Almost a year ago, I wrote an analysis of the plausible consequences of the denouement of the MH17 tragedy on domestic Russian politics, as well as on Russian’s ongoing intervention in Ukraine. In a nutshell, I posited that as soon as irrefutable evidence gets published – by a hard-to-discredit international body – that MH17 was shot down by (pro-)Russian militants, the Kremlin would have no serviceable move but to disown DNR/LNR in suprised disgust’, and begin a process of rebuilding of relations with the rest of the world.
Where I got it wrong, so far, was the time it would take for a “hard-to-discredit” body to publish its findings. The joint investigation team is still working on its report and plans to make it public after the summer of 2015.
However, pending that report, Russia is clearly in the know about what the current state of findings is, as its experts are also part of the team – and privy to the JIT’s body of evidence. A diplomat close to the JIT work told me recently that the Russian team members, when confronted with the irrefutable proof of Russia’s origin and steering of the BUK missile, just shrug and smile, as in “come on, what do you want us to say”…
The recent Russian agitprop maneuvering on the topic corroborates the theory that (a) Russia knows the evidence is irrefutable and about to become very public, and (b) Kremlin has decided to cut the losses and admit to the non-Kiev cause of the tragedy, but (c) by assigning all blame to the “local rebels” of DNR/LNR.
The arguments supporting this thesis converge on the recent choice of preferred “source” theory (among the several, thus far mutually exclusive theories – each of which had a place-holder role, allowing the Kremlin to decide whom to blame based on what could be plausibly denied in the long run).
An early placeholder was the Ukrainian SU-25 theory, a ridiculously metaphysical legend supported by physically implausible claims and hearsay.
A second placeholder was the theory of an actual BUK missile hit, which – however – was believed to have been launched from what Russia “believes” was Ukrainian controlled territory, as of July 17th 2014. This placeholder was made public in the early days following the tragedy (at which time, no doubt, Russia had full information on the actual source of the attack). Said location was Zaroshenskoe, which – with no substantiation – Russia has claimed for nearly a year was under Ukrainian control at the time of the disaster.
In the last 2 months, the Russian public domain has been sprinkled with additional “argumentation” in favor of the Zaroshenskoe origin theory, including 2 (suspiciously similar) expert reports – one by the Russian Engineer’s Union and another by the company manufacturing BUK’s today (which claims it has nothing to do with the model used to down Boeing MH17, yet somehow boasts to be the only expert on that missile). Both reports, using an arsenal of physical, quasi-physical and metaphysical reasoning, “prove” that the origin of the missile was Zaroshenskoe. Thus, the two reports support the early MoD theory, announced only a day after July 17th. None of the three proponents of this theory, however, provide even a shred of evidence that Zaroshenskoe was under VSU (Ukrainian-government) control at the time of the hit.
And this is where I think the most significant part of the story is. Zaroshenskoe, as of the day of the tragedy, was neither (fully) within DNR/LNR, nor within Ukrainian control. I spoke to two residents of the village and one of a neighboring village, who all told me that the borderline between the warring groups was passing nearly precisely through the village, thus it was “neither here nor there”.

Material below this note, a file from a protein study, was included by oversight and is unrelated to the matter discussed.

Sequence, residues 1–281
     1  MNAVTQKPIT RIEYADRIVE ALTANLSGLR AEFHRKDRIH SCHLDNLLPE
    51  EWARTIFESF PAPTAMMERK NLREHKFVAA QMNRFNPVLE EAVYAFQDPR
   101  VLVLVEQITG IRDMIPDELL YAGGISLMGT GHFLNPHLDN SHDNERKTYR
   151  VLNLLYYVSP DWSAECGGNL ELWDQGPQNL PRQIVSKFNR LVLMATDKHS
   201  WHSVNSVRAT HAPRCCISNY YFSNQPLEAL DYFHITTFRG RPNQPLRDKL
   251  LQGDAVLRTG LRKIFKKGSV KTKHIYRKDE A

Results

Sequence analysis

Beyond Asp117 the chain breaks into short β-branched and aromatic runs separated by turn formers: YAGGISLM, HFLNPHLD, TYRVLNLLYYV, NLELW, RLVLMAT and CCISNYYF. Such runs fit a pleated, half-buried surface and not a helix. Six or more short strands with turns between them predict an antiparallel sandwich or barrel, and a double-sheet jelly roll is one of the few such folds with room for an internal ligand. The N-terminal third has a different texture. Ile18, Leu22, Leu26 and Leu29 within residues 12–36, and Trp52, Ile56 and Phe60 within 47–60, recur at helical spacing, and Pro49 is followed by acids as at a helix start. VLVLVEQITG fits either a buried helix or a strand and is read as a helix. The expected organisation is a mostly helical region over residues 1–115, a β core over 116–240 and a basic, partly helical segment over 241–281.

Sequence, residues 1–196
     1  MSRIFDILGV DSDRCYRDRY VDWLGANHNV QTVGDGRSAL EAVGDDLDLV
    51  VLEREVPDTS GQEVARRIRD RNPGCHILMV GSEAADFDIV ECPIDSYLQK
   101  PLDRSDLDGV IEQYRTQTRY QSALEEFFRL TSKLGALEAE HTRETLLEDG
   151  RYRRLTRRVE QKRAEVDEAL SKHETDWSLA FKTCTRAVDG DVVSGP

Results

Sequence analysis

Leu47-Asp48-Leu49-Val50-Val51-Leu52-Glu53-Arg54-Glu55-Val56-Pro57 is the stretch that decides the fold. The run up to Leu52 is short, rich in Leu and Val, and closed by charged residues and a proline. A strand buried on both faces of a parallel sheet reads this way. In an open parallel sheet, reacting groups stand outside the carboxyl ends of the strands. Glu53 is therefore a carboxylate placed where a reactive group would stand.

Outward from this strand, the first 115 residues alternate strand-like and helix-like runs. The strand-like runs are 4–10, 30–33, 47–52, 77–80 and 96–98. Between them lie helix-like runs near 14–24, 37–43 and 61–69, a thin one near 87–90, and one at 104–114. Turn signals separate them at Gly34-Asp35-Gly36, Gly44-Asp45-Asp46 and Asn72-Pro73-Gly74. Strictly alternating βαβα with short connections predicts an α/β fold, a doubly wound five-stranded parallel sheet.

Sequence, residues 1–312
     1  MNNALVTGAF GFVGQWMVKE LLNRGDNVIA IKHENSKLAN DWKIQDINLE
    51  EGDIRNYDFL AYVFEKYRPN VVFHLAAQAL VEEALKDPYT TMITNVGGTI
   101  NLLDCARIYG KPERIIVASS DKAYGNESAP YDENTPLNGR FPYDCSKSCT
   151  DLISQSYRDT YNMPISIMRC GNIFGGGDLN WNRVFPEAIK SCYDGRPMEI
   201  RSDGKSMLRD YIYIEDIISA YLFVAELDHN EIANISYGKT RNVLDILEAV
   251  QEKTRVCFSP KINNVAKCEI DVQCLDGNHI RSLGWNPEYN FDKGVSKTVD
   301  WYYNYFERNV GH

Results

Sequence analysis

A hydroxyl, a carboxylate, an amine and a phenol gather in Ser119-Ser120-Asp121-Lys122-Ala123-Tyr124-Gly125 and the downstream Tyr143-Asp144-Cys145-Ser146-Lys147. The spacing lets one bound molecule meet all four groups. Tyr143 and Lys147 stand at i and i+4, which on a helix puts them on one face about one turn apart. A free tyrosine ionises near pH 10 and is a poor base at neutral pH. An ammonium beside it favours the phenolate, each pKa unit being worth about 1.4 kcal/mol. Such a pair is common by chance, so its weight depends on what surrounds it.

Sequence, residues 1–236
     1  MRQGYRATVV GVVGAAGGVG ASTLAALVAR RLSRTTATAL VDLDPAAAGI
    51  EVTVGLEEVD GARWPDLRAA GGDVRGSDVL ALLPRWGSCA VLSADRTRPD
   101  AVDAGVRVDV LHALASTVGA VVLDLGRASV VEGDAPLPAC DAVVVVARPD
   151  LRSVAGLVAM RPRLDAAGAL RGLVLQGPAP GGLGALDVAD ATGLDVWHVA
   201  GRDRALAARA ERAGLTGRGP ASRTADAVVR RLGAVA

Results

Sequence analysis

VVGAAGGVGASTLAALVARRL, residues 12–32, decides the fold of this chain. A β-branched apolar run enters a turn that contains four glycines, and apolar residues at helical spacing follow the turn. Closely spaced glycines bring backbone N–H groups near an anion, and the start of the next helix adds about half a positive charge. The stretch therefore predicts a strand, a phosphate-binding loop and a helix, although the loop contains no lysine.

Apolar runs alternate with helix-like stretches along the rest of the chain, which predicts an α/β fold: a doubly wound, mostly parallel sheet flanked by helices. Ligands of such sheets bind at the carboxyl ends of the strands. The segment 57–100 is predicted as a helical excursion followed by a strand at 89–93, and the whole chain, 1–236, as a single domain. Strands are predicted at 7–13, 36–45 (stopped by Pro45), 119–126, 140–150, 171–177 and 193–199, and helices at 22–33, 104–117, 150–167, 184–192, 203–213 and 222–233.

Novaya Gazeta did their own investigation of the “Zaroshenskoe” theory, leading to the same conclusions about its no-man’s land status, but going further – proving – via multiple witness testimony – that the BUKs could not have been shot from there. In a nutshell: no one there heard any bangs on the day of the downing, and locals attempts to locate any traces of a BUKs in the vicinty (following the MoD claim the day after) lead to nothing.
Today, Novaya Gazeta published another expert opinion: this time a Russian cartographer was able to “geo-locate” Zaroshenskoe as being “within 6 to 7 km within DNR’s control territory”. An interesting conclusion, insofar as it somewhat contradicts the no-man’s land conviction of local residents.
I like Novaya Gazeta. It is one of the very few sources of quality investigative reporting in Russia (others being, to a less brave extent, MK, RBC, Rosbalt and, in a perverted and decelerating way, Gazprom-owned Echo of Moscow). Yet, as I have written before, Novaya has sometimes been used, with or without its knowledge, as a dumping ground for what the Kremlin wants to make public – but does not want to discredit it, by leaking it via its official media channels.
Thus, I have to take the sudden “discovery” that Zaroshenskoe was under DNR control (despite what locals told me on the record) with a grain of salt. Maybe that was indeed the case, and the residents were simply confused, or reluctant to share the truth for fear of reprisals by the pro-Russian militias. Or maybe the cartographer was honestly confused.
Or maybe, this is all part of Kremlin’s prep work for keeping all options open. In economics, option theory posits that one should never commit to a choice until one is forced to choose. No-man’s land is the perfect choice for someone seeking optionality.
Suggesting a “6 to 7 km” shift in the direction of DNR (and that the Ukrainian army would have had to cross a blown-off bridge to even get there in the first place) may imply that the forced choice has already been made.